Not long ago we posted a picture of a point-bar alongside a road where one could use the scale of the guard-rail to estimate sand-body thickness (~3m/10 ft). The only person to comment was an Exploration Manager with over 40+ years of experience, interpreting the succession as a shoreface and the lateral accretion as “clinoforms.” To clarify the differences in process and scale we followed up with another photo of shoreline parasequences from the Book Cliffs with people for scale and the Exploration Manager who had been a seismic interpreter for much of his career still didn’t get it. Disagreements on linked-in are one thing but drilling wells that cost millions of dollars is a whole different ball game.A few years ago I was invited as a consultant by a very experienced Exploration Manager who was also a well-respected seismic interpreter. Excitedly he showed me his seismic data and interpreted every clinoform on the line as an up-dip pinch-out and drilling target. At that point telling him not all clinoforms ≠ updip pinch-outs was like telling a kid that Santa isn’t real, but it had to be done (needless to say I was not invited back).

This is the zone where clinform topsets transition into foresets. Multiple sand-on-sand contacts as distributary channels incise into delta front sand-bodies.

I could continue with these stories but the point here isn’t to demean anyone. If you wouldn’t drop a few hundred dollars on a new camera or cell phone without background research, why would you drill a multi-million dollar well in a reservoir where you have no sense of geometry or dimensions?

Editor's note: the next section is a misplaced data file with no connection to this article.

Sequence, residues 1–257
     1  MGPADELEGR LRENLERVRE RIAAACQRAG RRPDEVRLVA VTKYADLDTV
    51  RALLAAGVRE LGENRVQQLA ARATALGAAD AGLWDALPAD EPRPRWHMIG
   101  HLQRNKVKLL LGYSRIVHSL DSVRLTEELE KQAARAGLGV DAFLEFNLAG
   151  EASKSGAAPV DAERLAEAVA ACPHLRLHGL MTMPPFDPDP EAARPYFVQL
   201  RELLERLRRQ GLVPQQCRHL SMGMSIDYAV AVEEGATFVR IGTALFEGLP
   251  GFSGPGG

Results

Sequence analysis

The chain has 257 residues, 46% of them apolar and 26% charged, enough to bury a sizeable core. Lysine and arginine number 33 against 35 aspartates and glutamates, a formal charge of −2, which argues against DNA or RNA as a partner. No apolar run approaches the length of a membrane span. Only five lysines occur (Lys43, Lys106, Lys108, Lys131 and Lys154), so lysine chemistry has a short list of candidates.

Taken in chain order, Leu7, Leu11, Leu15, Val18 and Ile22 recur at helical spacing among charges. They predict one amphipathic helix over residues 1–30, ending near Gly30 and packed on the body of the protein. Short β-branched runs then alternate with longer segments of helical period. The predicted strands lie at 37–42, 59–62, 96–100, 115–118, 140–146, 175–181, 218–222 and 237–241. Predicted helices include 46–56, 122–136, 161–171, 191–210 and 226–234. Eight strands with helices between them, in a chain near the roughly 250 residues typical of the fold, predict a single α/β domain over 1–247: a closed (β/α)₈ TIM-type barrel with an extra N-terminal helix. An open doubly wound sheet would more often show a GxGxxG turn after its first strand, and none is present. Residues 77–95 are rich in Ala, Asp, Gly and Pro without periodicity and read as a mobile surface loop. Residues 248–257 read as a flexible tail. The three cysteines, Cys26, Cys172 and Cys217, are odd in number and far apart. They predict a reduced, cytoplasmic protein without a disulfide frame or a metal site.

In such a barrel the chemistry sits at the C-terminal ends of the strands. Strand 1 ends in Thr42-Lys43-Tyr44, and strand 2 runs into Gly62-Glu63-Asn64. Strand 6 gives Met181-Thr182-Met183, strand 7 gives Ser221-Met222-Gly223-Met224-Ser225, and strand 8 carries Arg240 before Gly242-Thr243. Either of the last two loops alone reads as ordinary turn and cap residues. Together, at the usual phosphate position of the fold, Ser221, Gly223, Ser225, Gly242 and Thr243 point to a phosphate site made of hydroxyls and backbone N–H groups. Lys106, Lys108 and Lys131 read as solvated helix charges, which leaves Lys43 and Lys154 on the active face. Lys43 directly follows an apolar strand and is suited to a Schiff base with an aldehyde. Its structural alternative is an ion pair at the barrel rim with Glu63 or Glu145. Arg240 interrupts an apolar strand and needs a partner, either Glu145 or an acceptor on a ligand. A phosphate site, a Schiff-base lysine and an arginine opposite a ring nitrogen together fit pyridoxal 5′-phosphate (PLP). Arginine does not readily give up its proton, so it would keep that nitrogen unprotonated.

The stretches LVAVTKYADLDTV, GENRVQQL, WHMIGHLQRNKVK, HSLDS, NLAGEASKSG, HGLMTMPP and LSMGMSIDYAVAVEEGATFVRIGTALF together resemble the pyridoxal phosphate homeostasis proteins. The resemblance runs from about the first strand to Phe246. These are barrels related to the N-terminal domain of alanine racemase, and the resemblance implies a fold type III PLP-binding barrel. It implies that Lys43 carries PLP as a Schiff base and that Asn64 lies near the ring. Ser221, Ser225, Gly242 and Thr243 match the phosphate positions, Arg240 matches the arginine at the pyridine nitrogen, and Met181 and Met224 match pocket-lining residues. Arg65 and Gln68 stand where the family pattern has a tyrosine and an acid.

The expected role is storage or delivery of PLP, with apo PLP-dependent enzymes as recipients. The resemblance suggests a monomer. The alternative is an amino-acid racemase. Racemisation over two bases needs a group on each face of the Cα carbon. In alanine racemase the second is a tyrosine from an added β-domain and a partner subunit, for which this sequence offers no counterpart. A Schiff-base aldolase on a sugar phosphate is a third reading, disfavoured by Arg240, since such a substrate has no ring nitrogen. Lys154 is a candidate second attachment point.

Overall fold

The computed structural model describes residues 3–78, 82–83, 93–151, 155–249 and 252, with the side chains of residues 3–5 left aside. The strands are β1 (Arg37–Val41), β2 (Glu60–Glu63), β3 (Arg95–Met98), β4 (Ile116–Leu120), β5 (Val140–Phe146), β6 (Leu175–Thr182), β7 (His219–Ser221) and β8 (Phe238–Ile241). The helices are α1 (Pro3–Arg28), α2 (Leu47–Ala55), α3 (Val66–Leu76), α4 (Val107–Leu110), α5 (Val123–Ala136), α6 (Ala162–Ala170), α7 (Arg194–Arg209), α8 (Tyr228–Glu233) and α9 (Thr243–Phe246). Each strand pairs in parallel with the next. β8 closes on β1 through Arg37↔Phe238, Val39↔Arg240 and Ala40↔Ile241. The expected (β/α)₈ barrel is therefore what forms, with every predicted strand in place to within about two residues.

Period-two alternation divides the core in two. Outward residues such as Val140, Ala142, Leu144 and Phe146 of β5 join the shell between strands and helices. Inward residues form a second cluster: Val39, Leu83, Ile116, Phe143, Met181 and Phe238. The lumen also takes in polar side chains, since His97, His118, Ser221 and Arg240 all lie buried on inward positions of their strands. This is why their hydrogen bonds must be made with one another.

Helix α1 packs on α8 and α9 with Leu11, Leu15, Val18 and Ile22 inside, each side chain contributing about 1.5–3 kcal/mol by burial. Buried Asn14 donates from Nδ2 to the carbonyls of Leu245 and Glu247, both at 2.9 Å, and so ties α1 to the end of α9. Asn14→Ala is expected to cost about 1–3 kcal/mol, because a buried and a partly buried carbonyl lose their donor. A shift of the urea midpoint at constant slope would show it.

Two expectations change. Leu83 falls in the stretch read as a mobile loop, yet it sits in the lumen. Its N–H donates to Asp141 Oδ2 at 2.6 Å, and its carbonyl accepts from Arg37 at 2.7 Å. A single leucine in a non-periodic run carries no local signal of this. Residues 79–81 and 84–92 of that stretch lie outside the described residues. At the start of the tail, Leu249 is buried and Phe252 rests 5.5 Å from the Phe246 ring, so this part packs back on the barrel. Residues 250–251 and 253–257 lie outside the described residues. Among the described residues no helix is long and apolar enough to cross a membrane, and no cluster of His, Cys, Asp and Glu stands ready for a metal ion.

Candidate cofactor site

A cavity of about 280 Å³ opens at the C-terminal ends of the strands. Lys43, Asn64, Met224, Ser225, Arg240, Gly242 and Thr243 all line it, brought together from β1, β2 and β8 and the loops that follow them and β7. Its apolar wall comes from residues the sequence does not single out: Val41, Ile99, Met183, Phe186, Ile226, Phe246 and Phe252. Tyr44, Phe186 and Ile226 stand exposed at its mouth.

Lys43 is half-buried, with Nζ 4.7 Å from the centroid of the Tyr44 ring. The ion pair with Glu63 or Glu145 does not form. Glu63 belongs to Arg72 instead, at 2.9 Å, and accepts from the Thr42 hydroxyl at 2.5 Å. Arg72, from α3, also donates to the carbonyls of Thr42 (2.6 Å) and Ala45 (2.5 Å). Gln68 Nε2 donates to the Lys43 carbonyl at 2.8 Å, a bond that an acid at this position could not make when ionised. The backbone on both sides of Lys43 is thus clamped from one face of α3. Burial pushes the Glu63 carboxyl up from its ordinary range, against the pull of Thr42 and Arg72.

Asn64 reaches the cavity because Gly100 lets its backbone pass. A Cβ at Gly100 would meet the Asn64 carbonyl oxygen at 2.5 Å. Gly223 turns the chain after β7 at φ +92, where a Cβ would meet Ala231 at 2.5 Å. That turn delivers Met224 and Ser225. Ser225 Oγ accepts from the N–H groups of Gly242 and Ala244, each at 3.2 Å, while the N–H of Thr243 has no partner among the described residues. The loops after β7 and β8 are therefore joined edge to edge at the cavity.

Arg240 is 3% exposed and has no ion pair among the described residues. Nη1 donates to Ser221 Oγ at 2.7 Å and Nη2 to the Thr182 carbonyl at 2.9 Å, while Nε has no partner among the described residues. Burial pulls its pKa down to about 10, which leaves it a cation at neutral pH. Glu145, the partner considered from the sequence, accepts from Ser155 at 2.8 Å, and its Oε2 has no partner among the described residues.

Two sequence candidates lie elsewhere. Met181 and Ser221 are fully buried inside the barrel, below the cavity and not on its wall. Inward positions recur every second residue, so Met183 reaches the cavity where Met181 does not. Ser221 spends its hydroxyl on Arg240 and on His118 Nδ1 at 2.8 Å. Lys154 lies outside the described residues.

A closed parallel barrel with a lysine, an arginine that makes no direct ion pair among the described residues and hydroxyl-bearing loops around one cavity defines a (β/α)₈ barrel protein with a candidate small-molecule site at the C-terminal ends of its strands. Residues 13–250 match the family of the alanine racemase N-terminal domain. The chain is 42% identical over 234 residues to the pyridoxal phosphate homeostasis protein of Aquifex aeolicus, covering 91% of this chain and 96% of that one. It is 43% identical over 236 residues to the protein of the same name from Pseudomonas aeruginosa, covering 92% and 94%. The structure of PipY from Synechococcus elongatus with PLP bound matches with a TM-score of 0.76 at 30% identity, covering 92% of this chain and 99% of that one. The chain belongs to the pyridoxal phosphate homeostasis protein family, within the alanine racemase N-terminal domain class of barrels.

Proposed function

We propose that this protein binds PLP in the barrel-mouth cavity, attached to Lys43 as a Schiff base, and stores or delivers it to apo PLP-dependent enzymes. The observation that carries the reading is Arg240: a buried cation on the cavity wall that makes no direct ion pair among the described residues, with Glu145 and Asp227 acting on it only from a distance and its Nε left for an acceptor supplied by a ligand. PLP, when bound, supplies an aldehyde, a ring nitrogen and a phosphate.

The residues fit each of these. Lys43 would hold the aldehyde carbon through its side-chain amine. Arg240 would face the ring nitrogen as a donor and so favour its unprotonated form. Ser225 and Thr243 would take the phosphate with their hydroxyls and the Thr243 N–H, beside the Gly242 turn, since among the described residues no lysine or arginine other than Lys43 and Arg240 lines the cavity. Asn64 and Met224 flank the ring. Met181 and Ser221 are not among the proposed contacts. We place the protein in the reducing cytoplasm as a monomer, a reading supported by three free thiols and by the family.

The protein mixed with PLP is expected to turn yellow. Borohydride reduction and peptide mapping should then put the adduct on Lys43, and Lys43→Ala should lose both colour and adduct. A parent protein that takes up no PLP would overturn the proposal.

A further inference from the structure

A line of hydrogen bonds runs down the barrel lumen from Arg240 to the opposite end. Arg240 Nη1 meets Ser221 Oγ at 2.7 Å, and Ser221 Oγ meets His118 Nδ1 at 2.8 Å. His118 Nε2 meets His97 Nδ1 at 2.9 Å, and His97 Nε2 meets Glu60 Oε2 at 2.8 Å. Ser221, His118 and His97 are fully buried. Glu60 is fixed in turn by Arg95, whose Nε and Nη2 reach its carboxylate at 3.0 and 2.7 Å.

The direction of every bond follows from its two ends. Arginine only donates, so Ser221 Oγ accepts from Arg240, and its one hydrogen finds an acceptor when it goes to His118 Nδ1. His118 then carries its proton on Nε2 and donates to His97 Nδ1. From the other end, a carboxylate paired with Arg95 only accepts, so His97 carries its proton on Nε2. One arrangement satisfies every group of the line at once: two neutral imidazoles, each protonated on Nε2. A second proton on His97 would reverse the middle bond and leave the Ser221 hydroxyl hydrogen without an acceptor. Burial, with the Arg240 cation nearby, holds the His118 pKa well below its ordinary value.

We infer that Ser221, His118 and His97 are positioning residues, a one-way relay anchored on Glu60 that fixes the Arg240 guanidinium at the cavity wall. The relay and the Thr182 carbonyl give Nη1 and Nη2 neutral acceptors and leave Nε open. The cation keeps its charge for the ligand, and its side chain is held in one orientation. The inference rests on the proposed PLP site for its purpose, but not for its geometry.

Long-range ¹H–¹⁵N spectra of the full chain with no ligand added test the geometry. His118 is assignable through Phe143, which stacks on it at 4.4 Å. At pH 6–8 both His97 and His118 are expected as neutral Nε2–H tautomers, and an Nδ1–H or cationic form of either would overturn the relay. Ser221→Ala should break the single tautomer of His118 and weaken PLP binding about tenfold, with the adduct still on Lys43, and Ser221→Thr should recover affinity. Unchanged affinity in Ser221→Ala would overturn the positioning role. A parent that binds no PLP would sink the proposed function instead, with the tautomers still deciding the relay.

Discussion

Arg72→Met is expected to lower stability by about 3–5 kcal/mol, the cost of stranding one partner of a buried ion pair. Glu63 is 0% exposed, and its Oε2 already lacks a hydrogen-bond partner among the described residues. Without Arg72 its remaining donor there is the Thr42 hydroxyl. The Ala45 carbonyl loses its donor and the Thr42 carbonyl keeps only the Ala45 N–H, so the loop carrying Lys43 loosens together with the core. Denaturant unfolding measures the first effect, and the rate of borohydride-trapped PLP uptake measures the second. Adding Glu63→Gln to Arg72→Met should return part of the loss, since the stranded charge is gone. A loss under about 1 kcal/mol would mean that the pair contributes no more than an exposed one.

Here are some tips you can use to get better acquainted with your reservoir:

1. Use Google Earth – So you’ve computed some very fancy seismic attribute with a cool sounding name. Compare your horizon slice with modern satellite imagery. Those lineaments may be fractures or beach ridges on a strandplain. Let’s take a look at some strand plains and not just the one in Nayarit but everywhere. Use the measuring tool, how does the scale compare with what you have? Google Earth is free!

An example from the modern Persian Gulf where flood tidal deltas were measured using Google Earth

2. Take a geology field trip – you will learn more in a day on the outcrop with a good instructor than a year of interpretation on your workstation. One of the things we do on our trips is take participants to “seismic-scale” outcrops and have them trace sand-bodies on a panoramic photo and then discuss seismic facies.

3. If you read number 2 and thought “this guy’s crazy, my manager won’t even let me attend a local conference let alone a geology field trip!” no worries, go out on your own. Most oil towns are located by the sea. Pull out a map and look for the closest delta or estuary. Go check it out. How wide is the estuary? And how thin is the inlet? Pull up a bathymetry map. The NOAA offers these for free, and you can also look up local maps issued by fish and wildlife divisions. Now you can tell how deep that tidal or distributary channel may be and then decide whether that feature on your seismic data is a channel or something else (in my seismic stratigraphy courses I have had seasoned interpreters call synclines channels).

4. Pull out a copy of Walker’s Facies Models. How thick are the reservoir facies? What’s the resolution of your data? If you’re going to chase a “detached shoreface” at a depth of 3000 meters, figure out what these are, how thin they are and whether it’s even realistic to image these in your data.

What I don’t recommend is working in a bubble. Eight hours of interpretation punctuated by meetings for thirty plus years without “seeing” your reservoir, whether in outcrop or in a modern setting is a recipe for disaster.